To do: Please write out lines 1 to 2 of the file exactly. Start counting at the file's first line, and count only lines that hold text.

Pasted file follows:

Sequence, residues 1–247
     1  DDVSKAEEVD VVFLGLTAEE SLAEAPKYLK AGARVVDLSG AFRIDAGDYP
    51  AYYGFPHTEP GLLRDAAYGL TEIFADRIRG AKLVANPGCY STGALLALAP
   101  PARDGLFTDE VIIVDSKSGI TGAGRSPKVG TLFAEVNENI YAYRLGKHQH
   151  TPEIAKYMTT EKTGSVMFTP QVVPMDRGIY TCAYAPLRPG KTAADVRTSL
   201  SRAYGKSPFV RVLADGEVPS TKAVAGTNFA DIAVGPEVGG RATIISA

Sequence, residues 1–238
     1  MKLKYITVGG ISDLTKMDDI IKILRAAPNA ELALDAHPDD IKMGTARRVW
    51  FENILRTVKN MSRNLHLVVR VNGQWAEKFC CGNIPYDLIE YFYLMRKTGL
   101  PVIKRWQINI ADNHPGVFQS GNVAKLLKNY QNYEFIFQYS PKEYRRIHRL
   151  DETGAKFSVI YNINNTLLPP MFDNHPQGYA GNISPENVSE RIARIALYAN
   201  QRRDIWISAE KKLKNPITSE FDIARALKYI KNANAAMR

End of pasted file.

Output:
Sequence, residues 1–247
     1  DDVSKAEEVD VVFLGLTAEE SLAEAPKYLK AGARVVDLSG AFRIDAGDYP